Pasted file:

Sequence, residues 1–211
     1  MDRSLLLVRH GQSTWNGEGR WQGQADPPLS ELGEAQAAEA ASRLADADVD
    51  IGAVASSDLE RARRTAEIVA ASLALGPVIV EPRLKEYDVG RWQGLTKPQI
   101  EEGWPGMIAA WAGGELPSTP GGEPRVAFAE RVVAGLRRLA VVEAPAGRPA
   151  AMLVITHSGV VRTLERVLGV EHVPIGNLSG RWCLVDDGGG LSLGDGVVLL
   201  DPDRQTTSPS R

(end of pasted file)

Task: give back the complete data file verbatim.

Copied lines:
Sequence, residues 1–211
     1  MDRSLLLVRH GQSTWNGEGR WQGQADPPLS ELGEAQAAEA ASRLADADVD
    51  IGAVASSDLE RARRTAEIVA ASLALGPVIV EPRLKEYDVG RWQGLTKPQI
   101  EEGWPGMIAA WAGGELPSTP GGEPRVAFAE RVVAGLRRLA VVEAPAGRPA
   151  AMLVITHSGV VRTLERVLGV EHVPIGNLSG RWCLVDDGGG LSLGDGVVLL
   201  DPDRQTTSPS R